This past week celebrated a National Mentor Day-who knew, right? I think mentors are very important. I think everyone should have someone who is there to support them and that they can look up to. My first year teaching I did not have what I'd call a good mentor. She made fun of me for using technology (they were old school with packets of worksheets). She did not help me prepare the kiddos (the way she prepared her own class) for our standardized testing. (My theory on that is she didn't want a first year teaching having a class to better than hers). I left that school after two years and did not look back.
At my new school I had a teacher on my team who I considered to be like a mentor to me. She shared ideas and resources. She was who I inspired to be. Now, I try to pass that on to new teachers as well. I think if we supported new teachers more we wouldn't have so many people leaving the profession.
Anyway, I facilitate for our Student Council. One of the things I really wanted to start this year was a Peer Mentor program. So the Student Council representatives could go into the classroom (they were willing to give up their recess time, so it didn't affect instruction or anything) and sit with, talk to, read with a younger student in need of a role model. I asked my colleagues to send me the names of students in their classes who could use a little encouragement, confidence, or maybe someone else to be accountable to. I got 2 replies. :( I asked our administration to send me names-they certainly know the kids they see in the office all the time. I got no replies. If you know me, you know I'm stubborn and do not give up that easily!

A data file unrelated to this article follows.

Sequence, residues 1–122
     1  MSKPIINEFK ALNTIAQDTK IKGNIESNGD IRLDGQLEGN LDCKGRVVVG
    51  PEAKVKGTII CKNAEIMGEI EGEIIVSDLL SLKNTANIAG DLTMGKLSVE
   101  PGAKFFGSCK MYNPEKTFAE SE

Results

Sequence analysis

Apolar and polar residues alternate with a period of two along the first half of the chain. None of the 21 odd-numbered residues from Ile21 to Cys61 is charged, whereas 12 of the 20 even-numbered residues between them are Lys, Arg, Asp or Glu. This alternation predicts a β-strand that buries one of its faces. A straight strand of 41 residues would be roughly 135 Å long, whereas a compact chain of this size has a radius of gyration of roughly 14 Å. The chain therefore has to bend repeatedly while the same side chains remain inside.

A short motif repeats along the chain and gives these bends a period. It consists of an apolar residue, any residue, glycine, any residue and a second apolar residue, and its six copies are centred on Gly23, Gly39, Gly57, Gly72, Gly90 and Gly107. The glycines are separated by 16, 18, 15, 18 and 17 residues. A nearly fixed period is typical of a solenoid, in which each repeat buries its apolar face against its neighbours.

So I ask our Special Ed. teacher if we can use her students and she reluctantly agreed. She wasn't sure about all the interruptions and strangers in her room, but she acquiesced (I can be convincing. :) One of the 2nd Graders who was so gung-ho to start being a mentor, she went in on her own and began being a friend to a student who has about 12 different labels, including being autistic. The teacher said she was wonderful with him and it went much better than she had expected. He usually doesn't socialize at all but was talking up a storm with this little girl.
A little late in the year, but better late than never. The rest of the kids I've paired up with Kindergarteners-they can always use a good role model. I'm excited, the kids are excited and I just thought I'd share our idea with you guys.